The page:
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02 May 2006 @ 09:28 am
Fingerspelling desu.  
I finished learning Japanese fingerspelling, the yubimoji. I'm a bit slow still, but I can spell things. Yay. It also doesn't seem to interfere with my ASL fingerspelling. More info on the wiki.
 
 
Current Mood: accomplished
 
 
 
Jilljill_mbs on May 2nd, 2006 10:42 am (UTC)
Wow, that's so impressive! :)
ashi: ai-khan!!!ashi on May 2nd, 2006 01:43 pm (UTC)
Thanks! :)
_darkvictory_darkvictory on May 2nd, 2006 12:35 pm (UTC)
Didn't know there was Japanese fingerspelling. Thanks for the link.
ashi: please But!ashi on May 2nd, 2006 01:43 pm (UTC)
I've learned a few signs of Japanese Sign Language from watching tv dramas, and some from http://www.necsoft.com/syuwa/back.html. I think to learn much else I'd have to find someone here who knows it (I've heard of an ASL instructor in the Bay Area who does), or go to Japan for a while. The latter would be better, as there are big regional differences in dialect, and I could travel around learning. Sounds fun!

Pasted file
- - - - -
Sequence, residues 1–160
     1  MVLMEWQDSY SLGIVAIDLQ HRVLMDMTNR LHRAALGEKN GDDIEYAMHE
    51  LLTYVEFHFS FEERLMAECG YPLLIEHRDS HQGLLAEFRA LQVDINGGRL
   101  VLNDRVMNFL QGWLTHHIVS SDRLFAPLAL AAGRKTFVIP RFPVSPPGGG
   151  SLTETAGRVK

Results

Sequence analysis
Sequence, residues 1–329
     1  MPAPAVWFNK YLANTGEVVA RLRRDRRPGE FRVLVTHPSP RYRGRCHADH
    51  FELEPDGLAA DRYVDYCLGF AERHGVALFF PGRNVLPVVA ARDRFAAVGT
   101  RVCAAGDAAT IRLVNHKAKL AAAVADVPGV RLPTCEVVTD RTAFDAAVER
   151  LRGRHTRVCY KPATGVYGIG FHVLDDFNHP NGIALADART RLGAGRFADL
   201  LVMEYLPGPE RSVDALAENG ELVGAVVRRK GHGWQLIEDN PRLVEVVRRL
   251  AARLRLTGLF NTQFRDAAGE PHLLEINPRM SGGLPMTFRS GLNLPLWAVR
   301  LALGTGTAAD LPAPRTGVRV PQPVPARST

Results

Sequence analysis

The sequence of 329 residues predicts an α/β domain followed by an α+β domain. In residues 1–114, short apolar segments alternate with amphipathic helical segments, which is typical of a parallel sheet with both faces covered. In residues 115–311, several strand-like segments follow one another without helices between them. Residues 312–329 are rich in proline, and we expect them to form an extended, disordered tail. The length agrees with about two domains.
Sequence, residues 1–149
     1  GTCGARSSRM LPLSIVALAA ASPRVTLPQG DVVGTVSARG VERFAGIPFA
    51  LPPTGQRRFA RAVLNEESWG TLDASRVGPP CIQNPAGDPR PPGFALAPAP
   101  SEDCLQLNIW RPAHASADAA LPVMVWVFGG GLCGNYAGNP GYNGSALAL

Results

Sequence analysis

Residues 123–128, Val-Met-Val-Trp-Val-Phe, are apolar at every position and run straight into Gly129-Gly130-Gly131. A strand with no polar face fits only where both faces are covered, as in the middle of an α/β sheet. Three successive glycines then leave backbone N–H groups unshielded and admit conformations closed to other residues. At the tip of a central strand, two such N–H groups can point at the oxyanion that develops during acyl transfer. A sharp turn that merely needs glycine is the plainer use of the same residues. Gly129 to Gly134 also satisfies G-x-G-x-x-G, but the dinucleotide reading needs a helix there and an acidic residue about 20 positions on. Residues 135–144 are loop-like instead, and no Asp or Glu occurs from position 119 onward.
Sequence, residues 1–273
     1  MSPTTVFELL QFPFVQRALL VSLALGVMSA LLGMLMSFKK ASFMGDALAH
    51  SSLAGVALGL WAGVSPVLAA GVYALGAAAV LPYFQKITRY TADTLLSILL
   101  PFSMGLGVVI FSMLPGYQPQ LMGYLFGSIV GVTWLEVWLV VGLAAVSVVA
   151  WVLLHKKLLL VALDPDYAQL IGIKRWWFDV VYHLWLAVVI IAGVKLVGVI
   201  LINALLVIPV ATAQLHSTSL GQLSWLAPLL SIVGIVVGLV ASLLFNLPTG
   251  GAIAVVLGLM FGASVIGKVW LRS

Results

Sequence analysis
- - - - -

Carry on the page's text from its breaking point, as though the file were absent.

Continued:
Hein: azumangafub on May 3rd, 2006 02:23 am (UTC)
Presumably, they fingerspell with the character set that has only 46 characters? (I keep confusing the names of the character sets, so I don't even try anymore...)
ashi: seashi on May 3rd, 2006 06:43 am (UTC)
Their fingerspelling follows their whole syllabary, which is also covered by hiragana and katakana.

As described in the wiki, voiced consonants which would normally get the ten ten marks (they look like a double quote ") in either hiragana or katakana, get moved towards the right. For example, the "ka" handshape moved towards the right becomes "ga." "Pa," "pi," "pu," "pe," and "po" (given a circle in hiragana and katakana) are made by moving "ha," "hi," "fu," "he," and "ho" up, while small vowels and small "tsu" are made by moving the handshape towards the signer.

For more details on the ten ten and circle in writing, see http://learnjapanese.elanguageschool.net/mod/resource/view.php?id=251 .

So, I learned the 46 handshapes, and the rules for modifying them, to be able to fingerspell anything in Japanese. Which I've been doing, every time I run into a Japanese word when I'm out and about (I don't count every word I hear watching anime, heh). A girl named Nozomi prepared my sandwich at a cafe yesterday...